Crime

ICE lured immigrants to a fake college in metro Detroit. Now it's deporting them


November 27, 2019, 9:53 AM

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Office building that housed the University of Farmington. (Photo: Google Maps)

In January, it emerged that Homeland Security agents set up a fake university in Farmington Hills to lure hundreds of immigrants to the U.S. under a student visa program. A number of student recruiters were charged and reports said some students enrolled at the school may have also been targeted.

We now know that a total 250 foreign-born students lured to the school have been arrested and, in about a fifth of cases, deported, according to a new report from the Free Press.

Many of those arrested have been deported to [their native] India while others are contesting their removals. One has been allowed to stay after being granted lawful permanent resident status by an immigration judge.

The students had arrived legally in the U.S. on student visas, but since the University of Farmington was later revealed to be a creation of federal agents, they lost their immigration status after it was shut down in January. The school was located on Northwestern Highway near 13 Mile Road in Farmington Hills and staffed with undercover agents posing as university officials.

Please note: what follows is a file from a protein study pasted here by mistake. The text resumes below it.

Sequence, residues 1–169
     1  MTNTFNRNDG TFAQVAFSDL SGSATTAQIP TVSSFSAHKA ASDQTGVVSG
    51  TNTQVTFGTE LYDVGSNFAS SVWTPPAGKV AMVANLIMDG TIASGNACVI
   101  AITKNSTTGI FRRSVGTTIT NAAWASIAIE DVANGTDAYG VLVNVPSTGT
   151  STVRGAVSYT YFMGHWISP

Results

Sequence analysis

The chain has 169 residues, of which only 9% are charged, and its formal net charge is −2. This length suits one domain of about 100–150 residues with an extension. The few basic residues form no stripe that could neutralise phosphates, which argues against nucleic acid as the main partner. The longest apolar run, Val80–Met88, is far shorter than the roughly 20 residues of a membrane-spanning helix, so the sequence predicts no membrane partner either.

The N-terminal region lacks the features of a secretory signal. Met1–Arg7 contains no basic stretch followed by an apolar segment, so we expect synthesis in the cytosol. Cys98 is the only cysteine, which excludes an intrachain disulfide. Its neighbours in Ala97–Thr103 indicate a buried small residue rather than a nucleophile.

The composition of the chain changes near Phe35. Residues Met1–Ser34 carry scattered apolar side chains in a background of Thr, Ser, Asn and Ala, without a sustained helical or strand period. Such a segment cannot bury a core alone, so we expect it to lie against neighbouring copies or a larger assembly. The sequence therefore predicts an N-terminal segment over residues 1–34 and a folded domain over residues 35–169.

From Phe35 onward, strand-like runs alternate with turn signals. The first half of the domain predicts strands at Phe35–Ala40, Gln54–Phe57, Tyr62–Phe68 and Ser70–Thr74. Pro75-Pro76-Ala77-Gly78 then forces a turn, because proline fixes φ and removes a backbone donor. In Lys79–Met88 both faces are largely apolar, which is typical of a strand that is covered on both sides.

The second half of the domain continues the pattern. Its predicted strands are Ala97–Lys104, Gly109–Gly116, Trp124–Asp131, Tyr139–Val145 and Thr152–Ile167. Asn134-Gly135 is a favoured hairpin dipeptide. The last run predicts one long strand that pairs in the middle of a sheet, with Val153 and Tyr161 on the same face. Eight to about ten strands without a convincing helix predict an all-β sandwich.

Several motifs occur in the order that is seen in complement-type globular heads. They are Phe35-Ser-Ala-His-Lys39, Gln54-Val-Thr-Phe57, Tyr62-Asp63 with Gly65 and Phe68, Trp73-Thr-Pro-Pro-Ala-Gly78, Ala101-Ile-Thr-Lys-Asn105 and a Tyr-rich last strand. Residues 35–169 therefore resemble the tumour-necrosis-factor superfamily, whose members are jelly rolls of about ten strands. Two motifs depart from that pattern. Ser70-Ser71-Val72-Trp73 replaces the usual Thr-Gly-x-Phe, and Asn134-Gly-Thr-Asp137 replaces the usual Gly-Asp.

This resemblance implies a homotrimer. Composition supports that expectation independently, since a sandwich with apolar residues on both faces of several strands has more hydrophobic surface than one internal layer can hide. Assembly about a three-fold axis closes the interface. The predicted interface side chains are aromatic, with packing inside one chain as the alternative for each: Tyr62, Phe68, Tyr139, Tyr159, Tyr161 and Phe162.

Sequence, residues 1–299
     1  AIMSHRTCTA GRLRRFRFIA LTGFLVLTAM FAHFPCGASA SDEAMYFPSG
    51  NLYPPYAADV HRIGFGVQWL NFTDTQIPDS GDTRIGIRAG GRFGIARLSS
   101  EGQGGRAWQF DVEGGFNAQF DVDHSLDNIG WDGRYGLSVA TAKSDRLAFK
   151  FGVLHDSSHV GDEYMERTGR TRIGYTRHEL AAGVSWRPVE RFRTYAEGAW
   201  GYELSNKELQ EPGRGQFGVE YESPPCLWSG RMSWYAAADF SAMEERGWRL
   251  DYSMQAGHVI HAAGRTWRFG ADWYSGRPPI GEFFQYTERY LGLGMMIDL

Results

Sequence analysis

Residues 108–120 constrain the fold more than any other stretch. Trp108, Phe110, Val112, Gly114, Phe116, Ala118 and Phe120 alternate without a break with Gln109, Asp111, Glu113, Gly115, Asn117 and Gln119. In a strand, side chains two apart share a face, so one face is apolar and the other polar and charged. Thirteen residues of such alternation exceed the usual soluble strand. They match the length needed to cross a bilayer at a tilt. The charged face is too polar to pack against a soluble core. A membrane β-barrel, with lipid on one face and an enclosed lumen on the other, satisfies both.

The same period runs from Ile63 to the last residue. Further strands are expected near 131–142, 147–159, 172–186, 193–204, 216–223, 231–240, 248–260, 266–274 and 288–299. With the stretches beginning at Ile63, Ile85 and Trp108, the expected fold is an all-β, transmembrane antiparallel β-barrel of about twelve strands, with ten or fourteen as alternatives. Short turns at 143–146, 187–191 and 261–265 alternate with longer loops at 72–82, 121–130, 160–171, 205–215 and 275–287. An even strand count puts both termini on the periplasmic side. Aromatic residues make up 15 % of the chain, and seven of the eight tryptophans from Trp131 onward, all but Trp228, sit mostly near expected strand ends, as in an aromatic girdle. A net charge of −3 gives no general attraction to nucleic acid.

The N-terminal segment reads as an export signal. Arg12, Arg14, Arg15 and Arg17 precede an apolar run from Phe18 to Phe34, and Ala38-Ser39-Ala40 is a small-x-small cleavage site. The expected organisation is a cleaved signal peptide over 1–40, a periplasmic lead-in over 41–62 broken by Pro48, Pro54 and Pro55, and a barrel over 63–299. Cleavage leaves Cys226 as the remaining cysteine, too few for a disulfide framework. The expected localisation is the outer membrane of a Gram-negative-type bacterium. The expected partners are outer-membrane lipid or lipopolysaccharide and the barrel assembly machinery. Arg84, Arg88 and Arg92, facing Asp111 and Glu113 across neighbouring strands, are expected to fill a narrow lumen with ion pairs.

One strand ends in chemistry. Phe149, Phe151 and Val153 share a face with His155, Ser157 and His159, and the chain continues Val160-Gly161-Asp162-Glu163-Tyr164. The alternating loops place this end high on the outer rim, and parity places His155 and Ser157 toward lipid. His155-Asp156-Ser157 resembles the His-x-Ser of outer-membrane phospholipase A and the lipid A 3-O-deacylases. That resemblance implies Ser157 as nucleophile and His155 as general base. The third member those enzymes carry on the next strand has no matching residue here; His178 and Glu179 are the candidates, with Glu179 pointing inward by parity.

Attorneys for the students arrested said they were unfairly trapped by the U.S. government since the Department of Homeland Security had said on its website that the university was legitimate. An accreditation agency that was working with the U.S. on its sting operation also listed the university as legitimate.

More than 600 students were enrolled at the school, incorporated in 2016. They're believed to have paid average tuition of about $12,000, meaning the federal government likely made millions in the sting.

Immigration and Customs Enforcement attorneys maintain the students should have known the school was fake, because it didn't have classes or teachers. But a previous Free Press report suggests some students pursued an education there in earnest. It quoted an employee at the business complex the "university" used as its address, who said puzzled students were showing up expecting to find a school,


Read more:  Detroit Free Press


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